Days after the story broke, Maradona left Napoli in the middle of the night and flew back home to Argentina. An ignominious end to a glittering and tumultuous career in Italy.
With the Maradona saga at an end, the new Napoli showed admirable resolve in the weeks that followed. With two draws, featuring spirited fightbacks at home to Inter and away at in-form Torino, they would continue to go unbeaten for the remainder of the campaign.
By contrast, Juventus were in free fall. Roberto Baggio declining to take a penalty against his old team in a 1-0 defeat in Florence, was just one of the highlights indicative of a dysfunctional end of the season for the most-followed team. Baggio was later substituted and would be seen heading back to the changing room holding a Fiorentina scarf.
The Maifredi experiment had not worked and Juventus would not even qualify for European competition. The Turin giants would turn to their old coach Trappatoni for the following year.
Crosstown rivals Torino, under coach Emiliano Mondonico, were having a much better time by leapfrogging Juventus and Parma and moving into fifth. The exciting emergence of their young winger Gianluigi Lentini along with Juve’s Casiraghi and Napoli’s Zola meant that things seemed to bode well for the future of homegrown players in the ever more cosmopolitan league.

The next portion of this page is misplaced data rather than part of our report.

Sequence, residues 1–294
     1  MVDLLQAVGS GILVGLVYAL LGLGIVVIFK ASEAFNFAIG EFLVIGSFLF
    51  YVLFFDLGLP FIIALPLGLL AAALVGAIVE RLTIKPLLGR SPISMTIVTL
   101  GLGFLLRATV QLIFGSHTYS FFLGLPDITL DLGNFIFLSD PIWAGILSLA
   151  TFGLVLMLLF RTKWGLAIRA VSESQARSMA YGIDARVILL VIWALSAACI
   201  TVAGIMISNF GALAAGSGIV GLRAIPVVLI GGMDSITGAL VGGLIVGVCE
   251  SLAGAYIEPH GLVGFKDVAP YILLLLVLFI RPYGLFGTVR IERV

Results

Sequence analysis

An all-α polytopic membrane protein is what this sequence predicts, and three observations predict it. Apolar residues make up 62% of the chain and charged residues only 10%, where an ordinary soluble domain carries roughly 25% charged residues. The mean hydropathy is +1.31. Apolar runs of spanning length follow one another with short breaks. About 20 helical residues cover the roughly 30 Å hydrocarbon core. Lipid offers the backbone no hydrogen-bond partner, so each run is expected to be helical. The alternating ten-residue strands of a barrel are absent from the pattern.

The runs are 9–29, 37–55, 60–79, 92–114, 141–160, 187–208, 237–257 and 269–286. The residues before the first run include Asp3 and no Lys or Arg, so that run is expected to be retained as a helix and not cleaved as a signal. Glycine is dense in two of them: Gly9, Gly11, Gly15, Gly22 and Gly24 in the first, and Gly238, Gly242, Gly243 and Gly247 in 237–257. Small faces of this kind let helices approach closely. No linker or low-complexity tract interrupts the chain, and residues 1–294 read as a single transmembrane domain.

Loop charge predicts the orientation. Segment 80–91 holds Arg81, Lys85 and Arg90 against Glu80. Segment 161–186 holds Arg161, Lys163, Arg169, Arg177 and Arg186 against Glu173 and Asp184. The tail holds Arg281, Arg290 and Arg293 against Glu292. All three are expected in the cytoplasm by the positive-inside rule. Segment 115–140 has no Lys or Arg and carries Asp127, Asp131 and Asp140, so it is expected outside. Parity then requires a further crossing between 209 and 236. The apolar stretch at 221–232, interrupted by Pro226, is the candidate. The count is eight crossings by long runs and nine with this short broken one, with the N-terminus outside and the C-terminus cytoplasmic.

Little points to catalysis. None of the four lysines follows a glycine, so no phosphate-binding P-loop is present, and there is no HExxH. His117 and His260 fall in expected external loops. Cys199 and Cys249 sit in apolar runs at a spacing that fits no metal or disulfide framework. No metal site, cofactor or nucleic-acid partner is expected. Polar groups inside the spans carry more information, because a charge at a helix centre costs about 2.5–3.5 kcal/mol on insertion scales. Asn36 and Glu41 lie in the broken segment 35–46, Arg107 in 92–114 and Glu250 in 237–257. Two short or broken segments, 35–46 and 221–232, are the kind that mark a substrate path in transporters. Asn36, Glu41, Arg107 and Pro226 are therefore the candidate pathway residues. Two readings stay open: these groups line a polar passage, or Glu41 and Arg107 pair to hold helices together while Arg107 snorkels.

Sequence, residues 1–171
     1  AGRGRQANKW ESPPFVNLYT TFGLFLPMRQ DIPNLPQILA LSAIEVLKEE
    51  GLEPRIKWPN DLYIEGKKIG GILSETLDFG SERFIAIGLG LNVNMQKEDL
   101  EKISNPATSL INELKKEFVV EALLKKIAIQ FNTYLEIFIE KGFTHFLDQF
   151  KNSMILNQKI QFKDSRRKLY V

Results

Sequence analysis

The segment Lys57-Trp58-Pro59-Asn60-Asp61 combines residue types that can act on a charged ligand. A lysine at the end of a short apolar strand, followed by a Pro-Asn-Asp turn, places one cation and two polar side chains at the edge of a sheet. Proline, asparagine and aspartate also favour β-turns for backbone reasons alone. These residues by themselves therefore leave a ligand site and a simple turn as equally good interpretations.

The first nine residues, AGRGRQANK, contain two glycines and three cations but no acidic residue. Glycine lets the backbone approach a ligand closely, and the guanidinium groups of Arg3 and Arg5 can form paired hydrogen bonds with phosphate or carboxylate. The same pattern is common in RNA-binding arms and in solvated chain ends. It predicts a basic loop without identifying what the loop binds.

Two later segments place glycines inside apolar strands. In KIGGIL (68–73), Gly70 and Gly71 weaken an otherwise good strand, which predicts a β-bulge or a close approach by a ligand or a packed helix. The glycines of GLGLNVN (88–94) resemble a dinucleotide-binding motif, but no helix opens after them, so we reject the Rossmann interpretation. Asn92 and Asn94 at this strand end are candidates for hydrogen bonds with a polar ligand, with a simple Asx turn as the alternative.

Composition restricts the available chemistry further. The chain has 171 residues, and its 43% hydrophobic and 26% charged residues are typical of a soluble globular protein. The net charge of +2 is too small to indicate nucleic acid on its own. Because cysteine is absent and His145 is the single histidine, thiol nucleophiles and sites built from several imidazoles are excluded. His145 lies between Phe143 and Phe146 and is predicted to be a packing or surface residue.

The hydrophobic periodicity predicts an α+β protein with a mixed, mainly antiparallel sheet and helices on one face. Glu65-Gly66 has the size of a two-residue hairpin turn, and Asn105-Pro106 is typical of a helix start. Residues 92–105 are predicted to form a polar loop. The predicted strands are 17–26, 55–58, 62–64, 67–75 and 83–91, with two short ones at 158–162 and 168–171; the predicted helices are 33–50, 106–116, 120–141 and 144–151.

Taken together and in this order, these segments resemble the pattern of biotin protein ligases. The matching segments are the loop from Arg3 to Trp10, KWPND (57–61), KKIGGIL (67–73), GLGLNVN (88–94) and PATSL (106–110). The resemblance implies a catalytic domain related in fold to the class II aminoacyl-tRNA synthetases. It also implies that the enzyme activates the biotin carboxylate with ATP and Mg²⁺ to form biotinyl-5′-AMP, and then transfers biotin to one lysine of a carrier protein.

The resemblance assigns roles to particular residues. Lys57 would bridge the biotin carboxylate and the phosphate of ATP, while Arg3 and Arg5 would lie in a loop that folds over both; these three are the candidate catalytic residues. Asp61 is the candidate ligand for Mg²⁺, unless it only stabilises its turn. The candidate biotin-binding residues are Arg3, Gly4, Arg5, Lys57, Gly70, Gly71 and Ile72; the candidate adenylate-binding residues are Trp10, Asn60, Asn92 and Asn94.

With just four games remaining, it was Trapattoni’s Inter who lay in second place and trailed Sampdoria by three points. With the leaders visiting San Siro, Vujadin Boskov’s Sampdoria team knew that by just avoiding defeat they would almost certainly win their first title.
In an extraordinary match and a must-win for Inter, the home side peppered the visitor’s goal throughout. Sampdoria’s goalkeeper Gianluca Pagliuca denied Inter time after time, including saving a Matthäus penalty.
Sampdoria always looked dangerous on the break, however, and second-half goals from midfielder Giuseppe Dossena and Vialli settled the game and all but guaranteed Sampdoria’s first and only Italian league championship.
Sampdoria would wrap up the scudetto at home to Lecce two weeks later. While an incredible feat for a provincial side, it had certainly been no fluke. They had beaten both Milan teams home and away, thrashed champions Napoli home and away and were unbeaten against Juventus and both the Roman clubs.
Vialli would end the season as the league’s most prolific marksman with nineteen goals. 1990-91 may have seen the fall of Diego Maradona, but it would also be a redemptive year for Gianluca Vialli.
With a disappointing world cup on home soil now in the rear view mirror, it was he who in large part had taken Sampdoria to the top of Italian football.